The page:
Nobody could ever be prepared to receive a call telling that a family member or a loved one is in jail. Worse, you need a significant amount of money is needed for him to get out of jail temporarily while waiting for trial and final conviction. It does not get better when you realize that the bail amount doesn't fit the crime. Here's what to do when you get caught up in a situation like this:
You should know that the 8th Amendment of the United States Constitution prohibits excessive bail, fines, and punishment. While standard bail differs from a local jurisdiction to another, most standard bail amounts range from $1,000 for most demeanors to as high as $20,000 for felonies. For crimes committed as a second offense or higher, enhanced bails are implemented. Criminal cases such as murder, kidnapping, and sexual assault do not have standard bail and are assessed on a case by case basis. You should know the costs of standard and enhanced bails in your local jurisdictions to assess whether or not the bail amount fit the crime.
Criminal Defense Attorney
After knowing the standard costs of bail and you still believe that the amount doesn't fit the crime, you can ask help to your criminal defense attorney. He or she can negotiate to the judge assigned to a case about the cost of bail. In the case of misdemeanor offenses, your lawyer must assure the judge that your flight risk is very low. However, you should also understand that your lawyer cannot negotiate for bail cost if the crime committed is considered as a felony or if you are faced with enhanced bail for committing this crime multiple times.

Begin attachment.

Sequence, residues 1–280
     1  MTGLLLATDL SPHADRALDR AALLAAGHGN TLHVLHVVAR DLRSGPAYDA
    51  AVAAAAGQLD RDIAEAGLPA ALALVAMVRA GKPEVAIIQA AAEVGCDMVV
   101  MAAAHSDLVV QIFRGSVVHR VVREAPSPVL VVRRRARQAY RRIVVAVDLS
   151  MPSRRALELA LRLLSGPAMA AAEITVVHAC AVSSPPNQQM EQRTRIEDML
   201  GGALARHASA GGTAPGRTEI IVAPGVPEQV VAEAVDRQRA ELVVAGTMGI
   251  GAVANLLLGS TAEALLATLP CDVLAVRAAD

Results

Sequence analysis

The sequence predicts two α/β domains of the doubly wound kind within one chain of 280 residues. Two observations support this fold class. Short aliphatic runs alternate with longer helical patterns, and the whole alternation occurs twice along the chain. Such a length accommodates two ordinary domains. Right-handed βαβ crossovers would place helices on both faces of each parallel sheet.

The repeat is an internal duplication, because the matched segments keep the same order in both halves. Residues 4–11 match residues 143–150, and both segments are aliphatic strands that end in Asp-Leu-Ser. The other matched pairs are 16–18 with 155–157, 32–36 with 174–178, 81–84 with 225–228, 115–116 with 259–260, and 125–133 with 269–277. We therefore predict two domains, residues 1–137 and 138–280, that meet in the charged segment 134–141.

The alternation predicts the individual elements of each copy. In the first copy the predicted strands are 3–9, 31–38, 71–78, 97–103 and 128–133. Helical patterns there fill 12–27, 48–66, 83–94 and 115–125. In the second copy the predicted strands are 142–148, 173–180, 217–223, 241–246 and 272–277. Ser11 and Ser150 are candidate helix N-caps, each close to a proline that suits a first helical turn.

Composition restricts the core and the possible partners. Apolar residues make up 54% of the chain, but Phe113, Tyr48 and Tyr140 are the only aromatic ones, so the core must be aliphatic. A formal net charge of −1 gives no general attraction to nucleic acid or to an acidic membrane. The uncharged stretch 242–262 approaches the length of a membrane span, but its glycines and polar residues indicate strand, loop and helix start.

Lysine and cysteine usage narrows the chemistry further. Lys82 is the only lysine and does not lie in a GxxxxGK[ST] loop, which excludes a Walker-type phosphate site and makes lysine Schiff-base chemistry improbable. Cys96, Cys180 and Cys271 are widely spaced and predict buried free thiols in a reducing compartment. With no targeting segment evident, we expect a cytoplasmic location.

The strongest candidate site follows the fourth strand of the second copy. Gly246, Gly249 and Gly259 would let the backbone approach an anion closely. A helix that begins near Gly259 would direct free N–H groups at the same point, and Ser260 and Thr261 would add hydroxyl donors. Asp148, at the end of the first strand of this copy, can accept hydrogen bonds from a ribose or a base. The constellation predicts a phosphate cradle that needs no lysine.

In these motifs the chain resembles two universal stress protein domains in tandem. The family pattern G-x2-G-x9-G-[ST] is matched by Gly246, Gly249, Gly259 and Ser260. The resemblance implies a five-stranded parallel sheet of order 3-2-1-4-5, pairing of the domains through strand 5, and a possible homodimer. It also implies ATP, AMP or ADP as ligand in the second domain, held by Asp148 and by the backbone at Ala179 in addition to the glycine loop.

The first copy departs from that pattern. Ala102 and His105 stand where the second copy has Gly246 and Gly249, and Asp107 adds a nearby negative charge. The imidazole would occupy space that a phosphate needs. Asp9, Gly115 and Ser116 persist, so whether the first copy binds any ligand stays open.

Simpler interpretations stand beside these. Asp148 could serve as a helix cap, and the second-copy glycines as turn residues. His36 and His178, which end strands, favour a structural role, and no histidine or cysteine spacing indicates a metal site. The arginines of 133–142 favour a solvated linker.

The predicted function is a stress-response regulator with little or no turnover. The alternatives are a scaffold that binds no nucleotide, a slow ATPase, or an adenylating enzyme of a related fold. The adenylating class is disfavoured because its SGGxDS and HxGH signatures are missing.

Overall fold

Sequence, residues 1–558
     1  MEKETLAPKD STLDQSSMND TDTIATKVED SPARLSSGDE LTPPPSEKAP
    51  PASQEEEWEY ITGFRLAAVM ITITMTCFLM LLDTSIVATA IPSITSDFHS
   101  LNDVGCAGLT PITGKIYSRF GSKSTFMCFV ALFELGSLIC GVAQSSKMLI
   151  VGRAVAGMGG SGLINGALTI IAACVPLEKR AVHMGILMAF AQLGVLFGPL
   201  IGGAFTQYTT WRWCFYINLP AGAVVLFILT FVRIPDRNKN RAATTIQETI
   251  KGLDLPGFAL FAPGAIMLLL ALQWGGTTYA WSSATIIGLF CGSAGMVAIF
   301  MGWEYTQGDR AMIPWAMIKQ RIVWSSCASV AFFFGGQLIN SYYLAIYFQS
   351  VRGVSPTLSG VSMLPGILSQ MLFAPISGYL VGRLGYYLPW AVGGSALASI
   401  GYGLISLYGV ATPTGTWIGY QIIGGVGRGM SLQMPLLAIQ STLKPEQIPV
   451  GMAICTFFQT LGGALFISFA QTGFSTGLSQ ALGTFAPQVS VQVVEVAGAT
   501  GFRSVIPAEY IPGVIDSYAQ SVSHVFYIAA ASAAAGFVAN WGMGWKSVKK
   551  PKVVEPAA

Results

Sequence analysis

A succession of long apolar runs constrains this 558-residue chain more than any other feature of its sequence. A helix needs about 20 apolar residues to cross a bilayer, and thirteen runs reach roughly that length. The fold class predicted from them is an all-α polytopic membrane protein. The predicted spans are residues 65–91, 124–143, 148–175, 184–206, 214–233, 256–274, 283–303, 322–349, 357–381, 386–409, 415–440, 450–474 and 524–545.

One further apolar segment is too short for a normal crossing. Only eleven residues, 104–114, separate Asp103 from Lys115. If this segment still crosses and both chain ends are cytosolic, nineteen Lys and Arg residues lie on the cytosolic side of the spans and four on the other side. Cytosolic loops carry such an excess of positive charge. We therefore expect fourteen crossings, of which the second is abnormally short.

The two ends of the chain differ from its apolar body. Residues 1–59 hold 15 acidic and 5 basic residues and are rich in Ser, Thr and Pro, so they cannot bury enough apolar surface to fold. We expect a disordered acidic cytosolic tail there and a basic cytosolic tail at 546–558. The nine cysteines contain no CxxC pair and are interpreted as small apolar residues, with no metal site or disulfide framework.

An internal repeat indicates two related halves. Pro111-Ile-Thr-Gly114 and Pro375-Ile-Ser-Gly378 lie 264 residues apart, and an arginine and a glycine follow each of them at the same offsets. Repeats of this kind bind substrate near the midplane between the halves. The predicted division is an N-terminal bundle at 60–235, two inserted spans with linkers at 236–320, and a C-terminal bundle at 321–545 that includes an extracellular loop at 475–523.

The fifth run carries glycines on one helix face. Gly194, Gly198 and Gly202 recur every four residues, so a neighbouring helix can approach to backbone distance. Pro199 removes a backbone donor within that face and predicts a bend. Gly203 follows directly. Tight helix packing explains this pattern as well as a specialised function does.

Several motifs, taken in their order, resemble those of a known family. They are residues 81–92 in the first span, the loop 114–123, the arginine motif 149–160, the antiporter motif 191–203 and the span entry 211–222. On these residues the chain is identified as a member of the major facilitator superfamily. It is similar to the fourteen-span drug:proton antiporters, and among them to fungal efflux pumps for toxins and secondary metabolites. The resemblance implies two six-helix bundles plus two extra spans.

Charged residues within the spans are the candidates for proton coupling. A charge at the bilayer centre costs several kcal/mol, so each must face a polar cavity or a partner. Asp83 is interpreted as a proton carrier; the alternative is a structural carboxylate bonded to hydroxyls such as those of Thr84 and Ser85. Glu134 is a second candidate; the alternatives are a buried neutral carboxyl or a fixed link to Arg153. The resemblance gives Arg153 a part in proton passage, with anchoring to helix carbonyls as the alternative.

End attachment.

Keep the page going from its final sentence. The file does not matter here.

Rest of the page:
If you are unable to gather the amount of money needed for the bail, you can seek the services of a bail bondsman. Also called a bondperson or bail agent, the bail bondsman provides the court with a surety bond. You will have to pay the bail bondsman with 10% of the bail amount, other expenses, and transaction, and other trial-related costs later on. If the bail amount doesn't fit the crime committed, you can negotiate with the bail bondsman to lessen the fees for additional costs. Assure the bail agent that you will surely attend the court hearing. Providing collateral such as an important jewelry and any trinket that is of sentimental (and economic) value can help in negotiating with them.
In sum, when the bail amount does not fit the crime committed, you should know your rights for reasonable bail and use this knowledge to negotiate. You can ask your lawyer to negotiate with the judge for a lower bail. You can also negotiate with a bail bondsman to reduce additional fees that are added to the actual surety bond by assuring that you will attend the trial and providing collateral for the loan. For more information, contact companies like A Bail Now Bail Bonds, Inc.